Class topics include nutrition, job interview skills, computer classes, parenting, yoga, dental hygienist visits, and attorney visits to assist with immigation status, child support, living wills and abuse prevention. Classes are conducted in English and Spanish and childcare is provided. 

“We have had some moms return back to the program when they are expecting another child,” Bridgeo said. “They absolutely love the program and really want to learn and grow more.”

Bridgeo said it is providing families with education, resources, community and safety.

“There are few programs like it and we need to help new moms be as successful as they can,” she said. “Strong families are the foundation of strong communities.”

That assistance extends to families with other children, too.

In Yuma, Arizona, for example, the local Salvation Army corps has been hard at work serving migrant families at the border since March. The Army’s outreach efforts resulted from the city mayor asking The Salvation Army to provide assistance to the high volume of asylum seekers being released by border patrol into the community.

In response, the corps turned its vacant thrift store facility into a shelter, providing three meals daily, shower and laundry services, clothing, hygiene items, transportation to their mode of departure from Yuma and even basic English lessons.

Today, as the number of people needing assistance has gone down, The Salvation Army has closed the shelter, and is housing migrant families at hotels for three to five nights of stay. As of July, the corps helped 2,284 migrant families, according to Breazeale.

“If we hadn’t done this, our city would have been very quickly overrun by families that had nowhere to go,” Breazeale said. “If we hadn’t stepped up and offered this service and place for them to stay and meals and whatnot to transition them from being in detention to their final destination, these families…would be on the street fending for themselves.”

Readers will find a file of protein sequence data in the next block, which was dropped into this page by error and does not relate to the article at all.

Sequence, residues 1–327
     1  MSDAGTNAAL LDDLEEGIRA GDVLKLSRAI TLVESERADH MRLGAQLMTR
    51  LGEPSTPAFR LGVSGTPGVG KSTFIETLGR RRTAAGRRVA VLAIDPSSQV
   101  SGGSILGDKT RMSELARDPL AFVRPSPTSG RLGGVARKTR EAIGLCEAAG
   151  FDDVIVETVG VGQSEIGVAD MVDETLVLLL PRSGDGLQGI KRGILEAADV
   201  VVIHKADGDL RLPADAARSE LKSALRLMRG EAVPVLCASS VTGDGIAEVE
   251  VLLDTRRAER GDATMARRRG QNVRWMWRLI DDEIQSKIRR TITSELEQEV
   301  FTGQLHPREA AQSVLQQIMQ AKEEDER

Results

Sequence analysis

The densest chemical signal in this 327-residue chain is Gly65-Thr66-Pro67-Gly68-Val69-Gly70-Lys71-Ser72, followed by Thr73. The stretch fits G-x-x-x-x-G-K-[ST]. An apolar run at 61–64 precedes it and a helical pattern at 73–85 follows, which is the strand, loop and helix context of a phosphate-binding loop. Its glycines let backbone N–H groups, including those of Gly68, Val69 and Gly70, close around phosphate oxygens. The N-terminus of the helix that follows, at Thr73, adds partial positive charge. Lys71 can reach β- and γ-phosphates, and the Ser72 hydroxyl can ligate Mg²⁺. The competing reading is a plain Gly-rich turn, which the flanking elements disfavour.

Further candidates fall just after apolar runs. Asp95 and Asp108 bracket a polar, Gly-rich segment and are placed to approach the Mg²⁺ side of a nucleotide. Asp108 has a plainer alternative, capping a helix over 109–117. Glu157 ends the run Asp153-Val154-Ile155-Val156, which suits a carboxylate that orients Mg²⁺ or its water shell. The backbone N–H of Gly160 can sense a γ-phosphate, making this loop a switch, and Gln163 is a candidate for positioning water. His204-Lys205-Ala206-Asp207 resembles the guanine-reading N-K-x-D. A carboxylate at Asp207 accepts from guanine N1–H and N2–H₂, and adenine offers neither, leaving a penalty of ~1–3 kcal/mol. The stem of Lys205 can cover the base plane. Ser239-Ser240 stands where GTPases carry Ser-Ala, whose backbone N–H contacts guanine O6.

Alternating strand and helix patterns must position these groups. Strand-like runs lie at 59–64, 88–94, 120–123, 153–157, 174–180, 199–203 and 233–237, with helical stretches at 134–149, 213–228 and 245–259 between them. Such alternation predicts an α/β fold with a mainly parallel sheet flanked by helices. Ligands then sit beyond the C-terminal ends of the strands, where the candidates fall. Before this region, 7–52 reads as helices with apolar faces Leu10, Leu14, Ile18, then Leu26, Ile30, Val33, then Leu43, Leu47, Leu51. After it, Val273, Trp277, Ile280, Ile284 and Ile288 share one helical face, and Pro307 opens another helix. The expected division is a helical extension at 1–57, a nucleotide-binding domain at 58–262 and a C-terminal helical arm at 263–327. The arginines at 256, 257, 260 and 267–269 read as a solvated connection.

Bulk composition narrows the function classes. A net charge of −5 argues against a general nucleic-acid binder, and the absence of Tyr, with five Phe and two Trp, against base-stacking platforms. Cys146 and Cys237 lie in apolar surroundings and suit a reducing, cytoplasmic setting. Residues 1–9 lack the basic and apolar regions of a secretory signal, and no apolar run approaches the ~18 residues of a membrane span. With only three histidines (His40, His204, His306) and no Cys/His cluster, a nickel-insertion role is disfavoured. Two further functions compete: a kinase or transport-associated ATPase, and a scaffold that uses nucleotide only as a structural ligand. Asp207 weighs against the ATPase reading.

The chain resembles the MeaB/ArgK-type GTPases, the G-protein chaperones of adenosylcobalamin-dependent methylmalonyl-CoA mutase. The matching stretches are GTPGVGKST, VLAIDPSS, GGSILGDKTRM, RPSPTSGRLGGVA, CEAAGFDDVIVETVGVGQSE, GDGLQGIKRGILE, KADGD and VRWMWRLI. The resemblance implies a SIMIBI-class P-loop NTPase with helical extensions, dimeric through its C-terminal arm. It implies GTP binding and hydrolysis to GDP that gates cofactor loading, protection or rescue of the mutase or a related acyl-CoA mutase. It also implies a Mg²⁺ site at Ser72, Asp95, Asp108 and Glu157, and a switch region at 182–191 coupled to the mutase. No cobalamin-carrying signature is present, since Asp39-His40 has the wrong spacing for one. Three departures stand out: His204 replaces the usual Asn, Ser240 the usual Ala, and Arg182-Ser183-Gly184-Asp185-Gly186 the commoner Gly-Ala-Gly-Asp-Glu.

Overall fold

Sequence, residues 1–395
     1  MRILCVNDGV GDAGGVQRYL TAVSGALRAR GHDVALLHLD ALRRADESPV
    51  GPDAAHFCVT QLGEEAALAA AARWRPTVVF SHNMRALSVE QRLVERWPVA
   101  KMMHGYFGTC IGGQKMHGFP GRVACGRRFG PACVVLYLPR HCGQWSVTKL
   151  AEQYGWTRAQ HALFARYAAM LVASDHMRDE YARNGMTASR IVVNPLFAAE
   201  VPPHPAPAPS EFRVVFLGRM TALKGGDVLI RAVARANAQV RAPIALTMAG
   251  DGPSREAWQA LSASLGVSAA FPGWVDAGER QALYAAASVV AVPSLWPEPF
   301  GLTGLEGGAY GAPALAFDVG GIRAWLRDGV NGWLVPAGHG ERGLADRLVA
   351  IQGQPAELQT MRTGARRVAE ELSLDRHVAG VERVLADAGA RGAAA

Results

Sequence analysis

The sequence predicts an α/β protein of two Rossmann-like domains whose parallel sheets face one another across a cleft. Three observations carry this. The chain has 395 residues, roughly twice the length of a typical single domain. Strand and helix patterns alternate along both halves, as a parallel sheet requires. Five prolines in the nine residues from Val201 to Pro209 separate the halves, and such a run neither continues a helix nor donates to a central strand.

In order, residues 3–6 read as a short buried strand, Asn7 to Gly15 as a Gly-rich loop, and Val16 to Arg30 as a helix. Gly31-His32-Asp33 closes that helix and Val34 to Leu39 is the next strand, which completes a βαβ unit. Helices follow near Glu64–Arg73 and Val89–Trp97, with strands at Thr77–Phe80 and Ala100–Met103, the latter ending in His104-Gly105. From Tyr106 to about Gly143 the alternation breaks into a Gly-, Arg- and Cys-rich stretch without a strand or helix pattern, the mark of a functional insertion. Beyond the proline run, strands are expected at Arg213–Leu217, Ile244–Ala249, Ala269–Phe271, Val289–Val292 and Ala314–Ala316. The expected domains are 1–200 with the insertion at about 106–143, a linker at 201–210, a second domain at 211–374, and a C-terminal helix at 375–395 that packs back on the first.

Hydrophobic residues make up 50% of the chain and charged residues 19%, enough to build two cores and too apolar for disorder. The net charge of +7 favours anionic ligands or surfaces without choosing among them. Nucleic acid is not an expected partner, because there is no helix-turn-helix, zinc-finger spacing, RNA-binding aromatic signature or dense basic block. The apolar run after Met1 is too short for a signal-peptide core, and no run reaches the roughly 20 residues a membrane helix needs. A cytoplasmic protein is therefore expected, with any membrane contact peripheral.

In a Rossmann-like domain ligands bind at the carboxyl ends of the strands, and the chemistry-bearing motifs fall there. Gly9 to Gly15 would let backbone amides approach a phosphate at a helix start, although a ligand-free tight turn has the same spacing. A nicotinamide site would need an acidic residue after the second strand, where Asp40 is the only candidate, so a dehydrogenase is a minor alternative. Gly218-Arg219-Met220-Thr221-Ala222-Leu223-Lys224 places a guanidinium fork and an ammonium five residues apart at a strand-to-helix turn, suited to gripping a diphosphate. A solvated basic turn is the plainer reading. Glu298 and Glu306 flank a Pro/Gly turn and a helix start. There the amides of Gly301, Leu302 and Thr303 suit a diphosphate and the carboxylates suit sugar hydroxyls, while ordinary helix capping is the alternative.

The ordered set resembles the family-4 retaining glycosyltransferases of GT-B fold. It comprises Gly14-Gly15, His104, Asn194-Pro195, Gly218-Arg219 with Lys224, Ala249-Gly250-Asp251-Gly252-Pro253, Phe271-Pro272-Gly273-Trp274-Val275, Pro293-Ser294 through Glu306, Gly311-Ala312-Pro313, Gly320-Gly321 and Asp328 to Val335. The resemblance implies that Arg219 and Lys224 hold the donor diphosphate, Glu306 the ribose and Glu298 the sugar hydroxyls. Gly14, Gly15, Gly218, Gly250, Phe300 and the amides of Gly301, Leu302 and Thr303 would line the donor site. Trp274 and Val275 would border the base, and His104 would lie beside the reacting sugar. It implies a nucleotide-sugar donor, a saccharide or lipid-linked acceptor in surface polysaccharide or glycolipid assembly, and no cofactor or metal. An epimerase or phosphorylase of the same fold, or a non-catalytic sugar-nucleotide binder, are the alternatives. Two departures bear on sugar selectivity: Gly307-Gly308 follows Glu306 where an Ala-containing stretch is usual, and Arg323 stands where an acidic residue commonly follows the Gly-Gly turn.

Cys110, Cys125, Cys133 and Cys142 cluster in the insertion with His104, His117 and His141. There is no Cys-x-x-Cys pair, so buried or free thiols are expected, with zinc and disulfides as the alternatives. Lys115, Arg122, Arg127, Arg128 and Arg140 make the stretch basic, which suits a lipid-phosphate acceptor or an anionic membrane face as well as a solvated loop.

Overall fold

He recalls the reaction of one client upon arriving at the shelter with his family after escaping gang violence in Guatemala.

“When he arrived here at the shelter, he literally fell on his knees and he thanked God because he knew they were safe,” Breazeale said.

And he said this feeling of gratitude has been a common one among the asylum seekers receiving help from the corps.

“Every single one of them have been very gracious and thankful,” Breazeale said. “Most of them continuously ask what they can do to help while they’re here.”

Breazeale said he knows it’s a need The Salvation Army needs to fill.

“As Christians, we should know and understand that we are not of this world. This isn’t our permanent home, but we still have to take care of ourselves and those around us,” Breazeale said. “That kind of puts us in the light of hopefully understanding and knowing what these individuals are seeking and where they’re coming from. They’re coming from oppression, they’re coming from disruption, and they’re coming from destruction into the promised land where somebody somewhere has told them that they could have a better life.”


Do Good: 

  • Visit to find The Salvation Army nearest you. 
  • As long as there’s The Salvation Army, there’s no such thing as no place to go. And you can join the fight for good. A $100 donation to The Salvation Army can provide three nights of safe shelter for someone in need. Give to support the fight for good for families in your community.
  • Are you busy but want to better your world? Then join us on The Do Gooders Podcast where we feature good ideas to help you do good right where you are. Subscribe today for weekly shows with the best ideas on making an impact. 
How you can help after the shootings in El Paso and Dayton
EDS, El Paso and Dayton Shootings

How you can help after the shootings in El Paso and Dayton

Multiple mass shootings claimed 31 lives across the U

Appearing nowhere in Scripture: Part One 

Appearing nowhere in Scripture: Part One 

A Scripture study from Caring, part one of four

You May Also Like